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Cablegate: Usun: Council Response to Somalia Piracy Resolution

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O 120049Z DEC 08
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UNCLAS SECTION 01 OF 02 USUN NEW YORK 001165

SENSITIVE
SIPDIS

E.O. 12958: N/A
TAGS: PREL PHUM PHSA EWWT KCRM UNSC SO XA XW
SUBJECT: USUN: COUNCIL RESPONSE TO SOMALIA PIRACY RESOLUTION

REF: STATE 129528

1. (U) This is an urgent action request. Please see
paragraph 7.

2. (U) SUMMARY: In response to reftel instructions, USUN
circulated our draft resolution on Somalia piracy to the P3
on the evening of December 9 and to the broader Council on
December 10. Initial expert-level consultations were held on
December 11. While no delegation was able to receive full
instructions from capital on one day's notice, the meeting
yielded significant concern over the broad authorities that
the draft would give states to use force in the territory of
Somalia. More detailed textual negotiation is expected at
the next experts meeting at 10:00am on Friday, December 12.
End Summary.

3. (U) During expert-level consultations on Thursday,
December 11, the U.S. draft resolution on Somalia piracy
received initial positive comments from France, the UK,
China, Belgium, Croatia and Italy, while Vietnam, Panama,
Costa Rica and Burkina Faso said that they were willing to
engage constructively on the basis of our draft. Indonesia
and South Africa indicated that they had reservations about
the U.S. draft.

The core issue: force against pirates on land
---------------------------------------------

4. (U) All delegations other than Libya and Italy raised
concerns over the wording of operative paragraph (OP) 4,
which allows states and regional organizations cooperating
with the Somali government to use all necessary means in
Somali territory and airspace against those suspected of
piracy and armed robbery at sea. Delegations voiced concern
over the broad authorities proposed by the U.S. and
questioned what operations were contemplated that would
necessitate such far-reaching provisions for the use of
force. China worried that under the U.S. draft, third
countries could be allowed to base troops in Somalia. Russia
recalled that the authorizations contained in resolutions
1816 and 1846 were governed by the law of the sea but noted
that the authority to use force in the current U.S. draft had
no reference to any such international legal instrument.
France, the UK, Russia and Burkina Faso asked for
clarification of the word "ashore" in the U.S. text, noting
that this did not necessarily limit the use of force to
littoral areas.

5. (U) Delegations also voiced concern over the stated intent
of the resolution to "interdict" suspected pirates, noting
that determining jurisdiction over suspected pirates of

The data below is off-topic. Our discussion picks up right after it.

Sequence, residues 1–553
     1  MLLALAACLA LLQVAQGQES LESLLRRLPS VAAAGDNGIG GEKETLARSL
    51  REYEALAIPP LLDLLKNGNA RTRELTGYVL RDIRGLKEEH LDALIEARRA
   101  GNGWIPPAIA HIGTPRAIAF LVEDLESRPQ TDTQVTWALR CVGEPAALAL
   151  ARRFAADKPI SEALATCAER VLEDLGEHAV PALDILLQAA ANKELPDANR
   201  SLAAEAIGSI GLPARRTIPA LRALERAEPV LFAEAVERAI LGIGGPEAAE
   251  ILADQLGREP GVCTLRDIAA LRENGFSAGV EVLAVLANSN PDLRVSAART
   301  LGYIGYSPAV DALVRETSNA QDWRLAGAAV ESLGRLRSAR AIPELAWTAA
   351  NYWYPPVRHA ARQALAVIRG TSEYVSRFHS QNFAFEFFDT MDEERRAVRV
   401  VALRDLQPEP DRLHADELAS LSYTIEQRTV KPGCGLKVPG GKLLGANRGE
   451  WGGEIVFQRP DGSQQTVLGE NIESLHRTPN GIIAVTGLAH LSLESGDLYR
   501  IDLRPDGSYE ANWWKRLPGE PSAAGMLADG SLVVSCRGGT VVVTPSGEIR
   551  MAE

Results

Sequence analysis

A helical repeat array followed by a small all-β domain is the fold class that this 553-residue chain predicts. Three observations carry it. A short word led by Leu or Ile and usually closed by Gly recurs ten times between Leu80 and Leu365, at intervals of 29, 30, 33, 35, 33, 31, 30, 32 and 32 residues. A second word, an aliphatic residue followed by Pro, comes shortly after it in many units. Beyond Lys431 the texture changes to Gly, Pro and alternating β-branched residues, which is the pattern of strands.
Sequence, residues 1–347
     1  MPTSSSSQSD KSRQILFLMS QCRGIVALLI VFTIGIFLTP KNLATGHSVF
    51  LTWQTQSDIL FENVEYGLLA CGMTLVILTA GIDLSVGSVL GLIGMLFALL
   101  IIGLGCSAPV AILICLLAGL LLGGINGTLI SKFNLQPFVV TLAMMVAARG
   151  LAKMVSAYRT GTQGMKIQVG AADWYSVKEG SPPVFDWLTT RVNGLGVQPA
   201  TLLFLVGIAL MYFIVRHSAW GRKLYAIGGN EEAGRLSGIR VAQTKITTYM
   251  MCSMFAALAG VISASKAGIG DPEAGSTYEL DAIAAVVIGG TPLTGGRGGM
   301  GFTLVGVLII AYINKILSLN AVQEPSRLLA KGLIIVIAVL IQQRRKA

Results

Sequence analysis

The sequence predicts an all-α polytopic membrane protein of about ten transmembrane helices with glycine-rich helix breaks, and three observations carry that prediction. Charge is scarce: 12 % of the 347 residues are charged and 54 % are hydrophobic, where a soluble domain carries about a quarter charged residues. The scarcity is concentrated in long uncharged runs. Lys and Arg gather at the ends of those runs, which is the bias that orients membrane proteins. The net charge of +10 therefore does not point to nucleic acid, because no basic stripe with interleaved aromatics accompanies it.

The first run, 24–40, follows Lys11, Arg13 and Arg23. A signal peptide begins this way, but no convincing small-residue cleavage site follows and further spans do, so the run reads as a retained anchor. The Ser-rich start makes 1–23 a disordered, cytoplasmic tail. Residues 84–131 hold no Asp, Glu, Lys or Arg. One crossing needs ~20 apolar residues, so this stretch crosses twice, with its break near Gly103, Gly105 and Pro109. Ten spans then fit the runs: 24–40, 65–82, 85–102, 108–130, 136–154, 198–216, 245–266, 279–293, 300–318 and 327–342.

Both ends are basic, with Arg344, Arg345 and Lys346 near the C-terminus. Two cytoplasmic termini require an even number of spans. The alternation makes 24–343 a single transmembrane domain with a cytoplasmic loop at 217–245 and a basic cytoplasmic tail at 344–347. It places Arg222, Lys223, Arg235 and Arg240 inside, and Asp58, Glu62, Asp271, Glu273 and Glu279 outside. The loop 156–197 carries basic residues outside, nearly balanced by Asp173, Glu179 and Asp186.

Somali nationality detained in Somalia would be more
complicated than if they were detained at sea and asking what
legal framework would govern such actions. South Africa and
Indonesia said that actions against pirates on land could
have the unintended consequence of exacerbating political
instability in Somalia.

Other issues:
-------------

6. (U) In addition to the core concerns referenced above,
delegations also raised concerns over:

- Coordination of anti-piracy efforts: China, backed by Libya
and Vietnam proposed language to promote UN coordination of
anti-piracy efforts;

- Shipriders: France, Belgium, South Africa and the UK asked
what legal framework would govern the resolution's Chapter 7
request that states deploy shipriders aboard vessels engaged
in anti-piracy efforts;

- Ransoms: France and Russia objected to language on ransom
payment in OP3 and OP6;

- Investigations: France and Panama objected to the
requirement in OP10 that states make their citizens available
for "forensic investigation at the first port of call,"
noting that if their nationals were rescued from pirates,
their first priority would be to bring them home.

Comment and action request:

USUN NEW Y 00001165 002 OF 002


---------------------------

7. (SBU) As currently worded, OP4 of reftel draft resolution
is too broad to garner support even from our European allies.
In order to secure necessary authorities in time for the
Secretary's ministerial meeting on piracy on December 16, we
urgently need to know what types of specific actions are
contemplated against suspected pirates on land. This
information will help us to craft specific language in order
to respond to our needs as well as the concerns of others on
the Council. Should such operations include possible
detention of suspected pirates, we anticipate the need for
language that will address jurisdiction.

In addition, we urgently request Department input on
applicable international law which could govern actions
covered by our authorization. Citing such principles within
our authorization paragraph (as in the precedent of
resolutions 1816 and 1846) will help allay concerns that the
authorization is overly broad.

Khalilzad

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